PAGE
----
Mutation–Selection Balance

Abstract

An organism's genome is continually being altered by mutations, the vast majority of which are harmful to the organism or its descendants, because they reduce the bearer's viability or fertility. Consequently, in every generation, natural selection acts to weed out these deleterious mutations. The opposing processes of mutation and selection balance each other so that the frequency in a population of a deleterious mutation remains at an equilibrium value determined by the strength of selection and the frequency of mutation. The classic model of mutation–selection balance assumes a single biallelic locus under constant selection. In reality, selection and mutation can vary in time and space, loci can have multiple alleles, and the genome comprises many loci. Mutation–selection balance across the genome depends on factors such as linkage, recombination, mating system, epistasis, pleiotropy and the distribution of fitness effects of new mutations. Mutation–selection dynamics also inform genetic variance for quantitative traits under stabilising selection.

Key Concepts:

  • A deleterious mutation at a single locus has an expected equilibrium frequency determined by the rate at which it is produced by mutation, and the rate at which selection removes it from the population.

  • The decrease in population fitness due to the accumulation of deleterious mutations under mutation–selection balance is called mutational load.

  • In finite populations, deleterious mutations can depart from their equilibrium frequency, be lost or go to fixation, all by stochastic drift.

  • Equilibrium expectations under the neutral model of mutation–selection balance provide important null hypotheses for measuring selection in natural populations.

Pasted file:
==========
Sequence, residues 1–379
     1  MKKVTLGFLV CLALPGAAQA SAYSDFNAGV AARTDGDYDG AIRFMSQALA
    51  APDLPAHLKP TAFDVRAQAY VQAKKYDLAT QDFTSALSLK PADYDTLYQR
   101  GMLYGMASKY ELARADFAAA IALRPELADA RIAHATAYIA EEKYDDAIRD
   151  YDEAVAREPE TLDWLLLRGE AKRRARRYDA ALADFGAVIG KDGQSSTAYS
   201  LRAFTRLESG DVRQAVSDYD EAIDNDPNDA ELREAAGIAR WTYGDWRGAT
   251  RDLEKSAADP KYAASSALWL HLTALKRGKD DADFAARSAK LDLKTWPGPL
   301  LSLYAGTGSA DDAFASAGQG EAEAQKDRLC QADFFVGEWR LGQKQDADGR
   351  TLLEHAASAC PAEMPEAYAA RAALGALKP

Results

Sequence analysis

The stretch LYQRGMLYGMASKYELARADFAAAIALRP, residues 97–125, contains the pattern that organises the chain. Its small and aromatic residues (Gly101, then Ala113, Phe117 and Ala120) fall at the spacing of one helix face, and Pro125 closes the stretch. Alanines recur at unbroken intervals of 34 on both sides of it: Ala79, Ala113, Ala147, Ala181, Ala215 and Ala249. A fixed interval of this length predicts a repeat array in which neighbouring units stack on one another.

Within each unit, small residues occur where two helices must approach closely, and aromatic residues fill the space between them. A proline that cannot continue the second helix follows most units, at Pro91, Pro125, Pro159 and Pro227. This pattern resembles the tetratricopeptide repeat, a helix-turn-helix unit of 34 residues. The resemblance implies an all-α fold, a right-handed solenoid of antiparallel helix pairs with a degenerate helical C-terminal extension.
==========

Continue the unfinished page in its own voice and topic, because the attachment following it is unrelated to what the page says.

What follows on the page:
• Mutation–selection dynamics at multiple loci depend on many factors such as dominance, recombination rate, linkage, epistasis, pleiotropy, mating system and population size.

  • Variation at quantitative genetic traits can also be maintained by a balance between stabilizing selection and mutation.

Keywords: natural selection; mutation; mutational load; population genetics; multiple loci; deleterious and beneficial mutations; genetic variation; evolution

Figure 1.

Equilibrium allele frequency, q̂, as a function of the level of dominance, h, in the standard model of mutation–selection balance. When h=0, the allele is fully recessive; when h=1 it is completely dominant. The other parameter values are s=0.5 and μ=5×10−7. Note the log scale of the y‐axis, which deemphasises the sharp drop in q̂ as h increases from zero.

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Further Reading

Loewe L and Hill WG (2010) The population genetics of mutations: good, bad and indifferent. Philosophical Transactions of the Royal Society B: Biological Sciences 365: 1153–1167.

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How to Cite close
Trotter, Meredith V(Jun 2014) Mutation–Selection Balance. In: eLS. John Wiley & Sons Ltd, Chichester. http://www.els.net [doi: 10.1002/9780470015902.a0001768.pub2]